With the growing demand for space and underground resource exploitation, it is urgent to exploit special power supplies operating under elevated temperature exceeding 100 degrees Celsius.
Rechargeable magnesium batteries (RMBs) have great potential in satisfying this specialized application market due to the high melting point (651 degrees Celsius) of Mg metal, as well as superior thermostability and lower propensity for dendrite formation of Mg metal anodes. However, conventional Mg electrolytes can only operate at room temperature or bellow, which hinders the development of high-temperature RMBs.
Now, a research team led by researchers from the Qingdao Institute of Bioenergy and Bioprocess Technology (QIBEBT), Chinese Academy of Sciences (CAS), has developed a robust self-standing single-ion polymer electrolyte (SSPE) for high-safety RMBs at elevated temperature even up to 150 degrees Celsius.
The study was published on June 29 in Advanced Energy Materials.
This electrolyte exhibits an expanded electrochemical stability window of 4.8 V (vs. Mg2+/Mg), a remarkable Mg2+-ion transference number of 0.79 and a highly reversible Mg plating/stripping performance, outperforming previous reported state-of-the-art RMBs.
It enables Mo6S8//Mg batteries with superior wide-temperature (from room temperature to 150 degrees Celsius) performance and improves safety merit under abuse conditions due to its high thermal stability and nonflammability features. “Our design concept for self-standing polymer electrolyte provides a promising path to enable high-safety RMBs operating at elevated temperature, which is a significant milestone for boosting the application of RMBs,” said by Prof. Cui Guanglei from QIBEBT, corresponding author of the study.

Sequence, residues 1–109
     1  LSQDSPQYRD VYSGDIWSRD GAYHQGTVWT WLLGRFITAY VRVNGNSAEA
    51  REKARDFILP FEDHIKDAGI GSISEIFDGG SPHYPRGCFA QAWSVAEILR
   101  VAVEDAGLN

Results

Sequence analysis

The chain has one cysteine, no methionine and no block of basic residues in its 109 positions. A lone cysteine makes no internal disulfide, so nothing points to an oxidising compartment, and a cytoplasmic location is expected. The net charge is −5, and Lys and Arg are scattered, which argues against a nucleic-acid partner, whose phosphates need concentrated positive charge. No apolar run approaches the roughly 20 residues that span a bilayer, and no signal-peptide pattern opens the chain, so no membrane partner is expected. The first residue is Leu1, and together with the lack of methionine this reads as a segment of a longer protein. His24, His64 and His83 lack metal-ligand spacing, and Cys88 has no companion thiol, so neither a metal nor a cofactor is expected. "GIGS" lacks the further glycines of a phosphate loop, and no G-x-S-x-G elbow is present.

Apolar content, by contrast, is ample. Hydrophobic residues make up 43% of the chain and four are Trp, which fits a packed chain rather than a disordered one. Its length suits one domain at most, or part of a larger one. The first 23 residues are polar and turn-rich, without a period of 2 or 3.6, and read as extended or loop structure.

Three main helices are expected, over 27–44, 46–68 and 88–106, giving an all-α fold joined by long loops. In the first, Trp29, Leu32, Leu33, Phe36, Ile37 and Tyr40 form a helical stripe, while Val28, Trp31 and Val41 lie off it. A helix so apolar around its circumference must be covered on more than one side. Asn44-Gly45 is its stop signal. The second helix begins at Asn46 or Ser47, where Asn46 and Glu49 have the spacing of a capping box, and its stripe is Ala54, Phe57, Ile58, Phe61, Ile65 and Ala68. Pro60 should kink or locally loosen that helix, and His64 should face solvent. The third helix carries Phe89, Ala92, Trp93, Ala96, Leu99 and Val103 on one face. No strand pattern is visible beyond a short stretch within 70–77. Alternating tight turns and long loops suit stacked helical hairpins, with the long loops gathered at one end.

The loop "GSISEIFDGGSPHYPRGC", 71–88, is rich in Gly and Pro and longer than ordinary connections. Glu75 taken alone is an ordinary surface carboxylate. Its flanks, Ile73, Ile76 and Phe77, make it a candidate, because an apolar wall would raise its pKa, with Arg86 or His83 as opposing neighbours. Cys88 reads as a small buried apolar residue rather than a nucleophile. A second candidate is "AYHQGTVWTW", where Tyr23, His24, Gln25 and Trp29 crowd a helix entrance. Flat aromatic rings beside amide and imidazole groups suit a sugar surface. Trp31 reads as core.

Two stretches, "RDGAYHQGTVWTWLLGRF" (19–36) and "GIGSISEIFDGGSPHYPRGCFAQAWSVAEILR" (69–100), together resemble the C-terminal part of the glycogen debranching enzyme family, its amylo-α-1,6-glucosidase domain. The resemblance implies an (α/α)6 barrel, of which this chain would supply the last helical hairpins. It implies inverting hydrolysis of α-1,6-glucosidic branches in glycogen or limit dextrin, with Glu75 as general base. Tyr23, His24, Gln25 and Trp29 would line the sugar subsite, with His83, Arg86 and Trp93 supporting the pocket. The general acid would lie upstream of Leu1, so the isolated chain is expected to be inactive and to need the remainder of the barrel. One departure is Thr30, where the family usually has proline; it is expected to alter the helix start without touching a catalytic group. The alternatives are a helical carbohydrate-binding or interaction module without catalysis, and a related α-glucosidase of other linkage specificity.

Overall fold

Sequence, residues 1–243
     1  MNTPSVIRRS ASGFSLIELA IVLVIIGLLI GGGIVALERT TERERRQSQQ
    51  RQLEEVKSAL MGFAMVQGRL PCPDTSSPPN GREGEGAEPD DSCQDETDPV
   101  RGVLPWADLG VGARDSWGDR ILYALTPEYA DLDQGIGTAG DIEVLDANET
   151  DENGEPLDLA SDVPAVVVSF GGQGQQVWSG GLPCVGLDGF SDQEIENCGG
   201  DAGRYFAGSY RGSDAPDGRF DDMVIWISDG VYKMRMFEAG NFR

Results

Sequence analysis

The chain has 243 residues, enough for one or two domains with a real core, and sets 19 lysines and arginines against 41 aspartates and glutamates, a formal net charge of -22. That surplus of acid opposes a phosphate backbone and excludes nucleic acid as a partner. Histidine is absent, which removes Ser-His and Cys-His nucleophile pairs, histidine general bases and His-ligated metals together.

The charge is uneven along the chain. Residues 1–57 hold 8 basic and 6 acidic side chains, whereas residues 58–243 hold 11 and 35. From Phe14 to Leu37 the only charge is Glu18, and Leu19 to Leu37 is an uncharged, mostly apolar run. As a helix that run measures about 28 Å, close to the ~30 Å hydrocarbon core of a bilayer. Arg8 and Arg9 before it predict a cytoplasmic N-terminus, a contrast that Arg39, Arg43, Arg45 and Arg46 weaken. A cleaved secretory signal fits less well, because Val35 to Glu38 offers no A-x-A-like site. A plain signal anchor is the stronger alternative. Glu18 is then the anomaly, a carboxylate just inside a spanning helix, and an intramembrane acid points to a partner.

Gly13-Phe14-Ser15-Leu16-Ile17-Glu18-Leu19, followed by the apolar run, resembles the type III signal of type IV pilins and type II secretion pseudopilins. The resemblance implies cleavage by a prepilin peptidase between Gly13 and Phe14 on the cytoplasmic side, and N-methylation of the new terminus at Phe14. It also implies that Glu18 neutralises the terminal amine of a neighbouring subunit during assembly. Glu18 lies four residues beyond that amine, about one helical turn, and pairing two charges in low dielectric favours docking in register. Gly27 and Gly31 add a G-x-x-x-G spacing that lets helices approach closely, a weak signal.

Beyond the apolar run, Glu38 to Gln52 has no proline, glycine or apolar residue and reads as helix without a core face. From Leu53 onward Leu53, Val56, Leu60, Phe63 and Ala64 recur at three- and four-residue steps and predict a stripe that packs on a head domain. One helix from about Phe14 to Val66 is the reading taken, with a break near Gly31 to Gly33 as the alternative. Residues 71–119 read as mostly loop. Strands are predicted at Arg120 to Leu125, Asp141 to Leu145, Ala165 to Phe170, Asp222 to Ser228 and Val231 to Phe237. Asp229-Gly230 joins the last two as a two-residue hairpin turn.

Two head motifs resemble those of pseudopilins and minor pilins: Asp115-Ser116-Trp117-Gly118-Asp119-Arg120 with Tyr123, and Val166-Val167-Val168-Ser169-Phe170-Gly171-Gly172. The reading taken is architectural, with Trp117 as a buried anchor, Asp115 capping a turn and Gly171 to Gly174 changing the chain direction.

Unheeded failure mechanism of magnesium metal anode
Xuesong Ge et al, Robust Self‐Standing Single‐Ion Polymer Electrolytes Enabling High‐Safety Magnesium Batteries at Elevated Temperature, Advanced Energy Materials (2022). DOI: 10.1002/aenm.202201464
Chinese Academy of Sciences
Researchers develop self-standing single-ion polymer electrolytes for high-temperature magnesium batteries (2022, July 5)
retrieved 5 July 2022
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